Seven won week two of ratings, with eight of the top 10 national programs, with the ABC having the other two. Nine and Ten didn’t or couldn’t crack the top 10, which is a rare event. But there was another loss for Sunrise to Today, and Weekend Sunrise again lost yesterday to Weekend Today. The change of set and change of EP on Weekend Sunrise is not working (That was a Craig McPherson decision). Insiders on the ABC is absolutely streeting them on Sunday mornings, with more than 400,0009 metro viewers on the ABC and News 24, and 578,000 nationally (400,000 metro, 178,000 regional viewers on both channels).

Network channel share:

  1. Seven (37.5%)
  2. Nine (24.4%)
  3. ABC(16.6%)
  4. ABC (15.4%)
  5. SBS (6.1%)

Network main channels:

  1. Seven (32.5%)
  2. Nine (15.7%)
  3. ABC (13.4%)
  4.  Ten (11.2%)
  5. SBS ONE (4.4%)

Top 5 digital channels: 

  1. GO (3.5%)
  2. 9Life (2.9%)
  3. ONE (2.7%)
  4. 7mate (2.6%)
  5. 7TWO (2.4%)

Top 10 national programs:

  1. MKR (Seven) — 2.820 million
  2. Molly: The Real Story (Seven) — 1.925 million
  3. Seven News — 1.625 million
  4. Doc Martin (ABC) — 1.389 million
  5. Nine News — 1.388 million
  6. ABC News — 1.341 million
  7. 60 Minutes (Nine) — 1.043 million
  8. I’m A Celebrity Get Me Out Of Here: Elimination (Ten) — 909,000
  9. Call The Midwife (ABC) — 855,000
  10. I’m A Celebrity Get Me Out Of Here (Ten) — 801,000

Top metro programs:

  1. MKR (Seven) — 1.938 million
  2. Molly: The Real Thing (Seven) — 1.302 million
  3. Seven News — 1.083 million
  4. Nine News — 1.024 million

Losers: Seven was simply dominant, so no real losers, just victims (Celebrity, Australia’s Got Talent et al), but not Doc Martin on the ABC.Metro news and current affairs:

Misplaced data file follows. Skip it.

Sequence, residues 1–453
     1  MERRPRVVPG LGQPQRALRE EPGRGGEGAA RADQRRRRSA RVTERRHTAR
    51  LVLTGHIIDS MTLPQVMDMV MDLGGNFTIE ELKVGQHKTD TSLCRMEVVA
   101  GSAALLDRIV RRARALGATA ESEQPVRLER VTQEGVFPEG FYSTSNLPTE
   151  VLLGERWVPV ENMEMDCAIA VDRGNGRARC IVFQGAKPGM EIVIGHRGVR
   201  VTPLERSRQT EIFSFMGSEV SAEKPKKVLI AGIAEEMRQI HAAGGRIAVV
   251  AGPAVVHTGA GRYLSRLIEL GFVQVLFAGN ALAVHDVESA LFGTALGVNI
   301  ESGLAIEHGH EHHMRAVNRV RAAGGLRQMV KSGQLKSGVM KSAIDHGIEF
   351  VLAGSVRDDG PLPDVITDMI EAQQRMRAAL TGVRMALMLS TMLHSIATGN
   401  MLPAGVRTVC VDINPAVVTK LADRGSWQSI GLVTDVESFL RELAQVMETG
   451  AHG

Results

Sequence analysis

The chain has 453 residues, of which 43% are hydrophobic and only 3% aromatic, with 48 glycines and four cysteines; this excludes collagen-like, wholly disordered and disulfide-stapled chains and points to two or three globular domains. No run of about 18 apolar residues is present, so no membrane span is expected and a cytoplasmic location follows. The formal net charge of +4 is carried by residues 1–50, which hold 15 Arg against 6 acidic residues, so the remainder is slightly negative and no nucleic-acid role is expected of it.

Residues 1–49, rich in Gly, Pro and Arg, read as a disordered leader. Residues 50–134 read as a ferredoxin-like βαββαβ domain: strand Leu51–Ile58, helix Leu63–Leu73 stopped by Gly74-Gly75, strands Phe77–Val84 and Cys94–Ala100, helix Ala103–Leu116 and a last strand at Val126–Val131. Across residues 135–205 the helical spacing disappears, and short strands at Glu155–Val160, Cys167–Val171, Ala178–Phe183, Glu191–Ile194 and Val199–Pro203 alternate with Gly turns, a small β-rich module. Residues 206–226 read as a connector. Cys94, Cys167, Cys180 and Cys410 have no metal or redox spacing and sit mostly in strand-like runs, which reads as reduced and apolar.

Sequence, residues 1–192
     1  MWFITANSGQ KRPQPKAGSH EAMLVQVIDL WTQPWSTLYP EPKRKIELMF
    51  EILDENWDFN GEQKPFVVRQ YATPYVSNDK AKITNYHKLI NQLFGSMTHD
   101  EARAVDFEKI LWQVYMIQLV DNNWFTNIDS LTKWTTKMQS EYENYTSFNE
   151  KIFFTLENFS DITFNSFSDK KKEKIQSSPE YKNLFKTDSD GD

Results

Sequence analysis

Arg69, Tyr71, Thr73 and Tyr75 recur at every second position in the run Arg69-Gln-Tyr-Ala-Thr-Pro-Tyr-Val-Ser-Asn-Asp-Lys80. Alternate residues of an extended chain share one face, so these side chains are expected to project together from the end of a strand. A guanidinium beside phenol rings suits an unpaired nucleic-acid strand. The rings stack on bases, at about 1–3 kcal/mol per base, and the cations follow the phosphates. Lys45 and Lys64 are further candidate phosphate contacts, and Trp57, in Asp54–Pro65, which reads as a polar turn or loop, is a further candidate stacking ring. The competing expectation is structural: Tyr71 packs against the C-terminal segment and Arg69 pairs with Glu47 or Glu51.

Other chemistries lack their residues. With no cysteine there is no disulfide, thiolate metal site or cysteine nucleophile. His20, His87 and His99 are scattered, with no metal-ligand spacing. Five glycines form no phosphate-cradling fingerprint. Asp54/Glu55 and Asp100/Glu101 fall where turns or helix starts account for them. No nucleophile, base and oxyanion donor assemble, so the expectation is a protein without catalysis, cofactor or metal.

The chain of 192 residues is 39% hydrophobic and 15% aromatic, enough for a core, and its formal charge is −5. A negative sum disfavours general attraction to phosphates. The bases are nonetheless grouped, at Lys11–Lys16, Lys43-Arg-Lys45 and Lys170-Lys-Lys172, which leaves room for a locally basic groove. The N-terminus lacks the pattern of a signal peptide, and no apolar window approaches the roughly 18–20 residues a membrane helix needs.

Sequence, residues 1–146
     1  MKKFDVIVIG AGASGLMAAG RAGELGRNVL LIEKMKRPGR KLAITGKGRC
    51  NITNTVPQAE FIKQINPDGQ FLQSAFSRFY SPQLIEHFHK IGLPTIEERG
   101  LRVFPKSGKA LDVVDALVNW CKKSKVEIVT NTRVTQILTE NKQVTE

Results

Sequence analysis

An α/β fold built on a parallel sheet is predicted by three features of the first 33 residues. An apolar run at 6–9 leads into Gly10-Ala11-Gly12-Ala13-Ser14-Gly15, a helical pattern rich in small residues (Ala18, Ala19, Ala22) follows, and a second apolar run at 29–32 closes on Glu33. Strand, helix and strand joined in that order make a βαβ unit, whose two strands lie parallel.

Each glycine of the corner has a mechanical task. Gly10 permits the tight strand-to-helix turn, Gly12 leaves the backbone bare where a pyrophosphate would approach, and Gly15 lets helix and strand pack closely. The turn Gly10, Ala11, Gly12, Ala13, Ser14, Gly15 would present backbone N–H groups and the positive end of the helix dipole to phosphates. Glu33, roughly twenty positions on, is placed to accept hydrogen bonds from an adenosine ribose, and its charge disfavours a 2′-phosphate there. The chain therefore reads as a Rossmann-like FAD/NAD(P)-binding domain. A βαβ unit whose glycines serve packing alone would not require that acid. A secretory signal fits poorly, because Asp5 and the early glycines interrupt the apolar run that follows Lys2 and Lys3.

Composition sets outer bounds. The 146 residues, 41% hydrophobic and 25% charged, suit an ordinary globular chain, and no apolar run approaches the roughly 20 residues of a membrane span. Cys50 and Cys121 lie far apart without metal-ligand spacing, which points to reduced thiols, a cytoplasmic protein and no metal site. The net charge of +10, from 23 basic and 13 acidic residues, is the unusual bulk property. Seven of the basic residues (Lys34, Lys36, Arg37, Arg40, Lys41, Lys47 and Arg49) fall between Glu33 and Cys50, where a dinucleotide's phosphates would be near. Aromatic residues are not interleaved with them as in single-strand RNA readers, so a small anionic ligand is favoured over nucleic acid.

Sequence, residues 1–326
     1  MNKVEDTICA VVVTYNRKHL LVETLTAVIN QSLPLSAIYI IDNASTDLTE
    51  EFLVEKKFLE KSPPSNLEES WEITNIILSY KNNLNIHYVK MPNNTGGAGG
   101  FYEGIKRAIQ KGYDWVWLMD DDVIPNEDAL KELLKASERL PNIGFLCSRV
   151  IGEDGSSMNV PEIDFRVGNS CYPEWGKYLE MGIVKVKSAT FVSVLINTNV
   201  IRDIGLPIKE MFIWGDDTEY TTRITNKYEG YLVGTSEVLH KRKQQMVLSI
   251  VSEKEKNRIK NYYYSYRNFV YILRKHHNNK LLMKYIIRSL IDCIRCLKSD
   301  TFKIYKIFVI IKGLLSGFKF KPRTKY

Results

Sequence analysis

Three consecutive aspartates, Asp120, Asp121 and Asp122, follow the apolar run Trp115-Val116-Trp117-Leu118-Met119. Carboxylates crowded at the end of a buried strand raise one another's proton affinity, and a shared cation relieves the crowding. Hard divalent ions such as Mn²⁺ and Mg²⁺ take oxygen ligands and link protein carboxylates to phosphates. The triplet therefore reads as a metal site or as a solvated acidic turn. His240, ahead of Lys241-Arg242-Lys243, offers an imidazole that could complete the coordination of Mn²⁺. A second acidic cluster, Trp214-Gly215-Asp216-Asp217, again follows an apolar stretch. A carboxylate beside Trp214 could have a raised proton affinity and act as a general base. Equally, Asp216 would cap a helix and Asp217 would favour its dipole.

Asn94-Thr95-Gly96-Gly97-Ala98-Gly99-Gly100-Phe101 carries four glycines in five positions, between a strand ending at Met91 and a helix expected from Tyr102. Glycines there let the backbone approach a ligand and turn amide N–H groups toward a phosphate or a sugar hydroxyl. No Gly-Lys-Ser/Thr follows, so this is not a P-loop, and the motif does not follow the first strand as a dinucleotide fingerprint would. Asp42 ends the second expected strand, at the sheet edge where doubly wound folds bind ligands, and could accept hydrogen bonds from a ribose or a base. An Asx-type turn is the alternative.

1. Seven News — 1.083 million
  2. Nine News — 1.024 million
  3. 7pm ABC News – 900,000
  4. 7.30 (ABC) — 776,000
  5. 60 Minutes (Nine) — 731,000
  6. Ten Eyewitness News — 377,000
  7. SBS World News — 137,000

Morning TV:

  1. Insiders (ABC, 289,000, 137,000 on News 24) — 426,000
  2. Weekend Today (Nine) – 283,000
  3. Weekend Sunrise (Seven) – 245,000
  4. Landline (ABC) — 238,000
  5. Offsiders (ABC) — 195,000

Top five pay TV channels:

  1. Fox Sports 2 (6.2%)
  2. LifeStyle  (2.5
  3. Fox Footy (2.1%)
  4. Fox 8  (1.9%)
  5. Foxtel Movies Premiere (1.8%)

Top five pay TV programs:

  1. Cricket: 2nd Test, NZ v Australia  (Fox Sports 2) – 244,000
  2. Cricket: 2nd Test, NZ v Australia  (Fox Sports 2) – 142,000
  3. Real Housewives of Melbourne (Arena) — 133,000
  4. Breaking Ground (Fox Sports 2) — 110,000
  5. AFL: NAB Cup, Adelaide v West Coast  (Fox Sports) – 89,000

*Data © OzTAM Pty Limited 2015. The data may not be reproduced, published or communicated (electronically or in hard copy) in whole or in part, without the prior written consent of OzTAM. (All shares on the basis of combined overnight 6pm to midnight all people.) and network reports.

Get Crikey for $1 a week.

Lockdowns are over and BBQs are back! At last, we get to talk to people in real life. But conversation topics outside COVID are so thin on the ground.

Join Crikey and we’ll give you something to talk about. Get your first 12 weeks for $12 to get stories, analysis and BBQ stoppers you won’t see anywhere else.

Peter Fray
Peter Fray
Editor-in-chief of Crikey
12 weeks for just $12.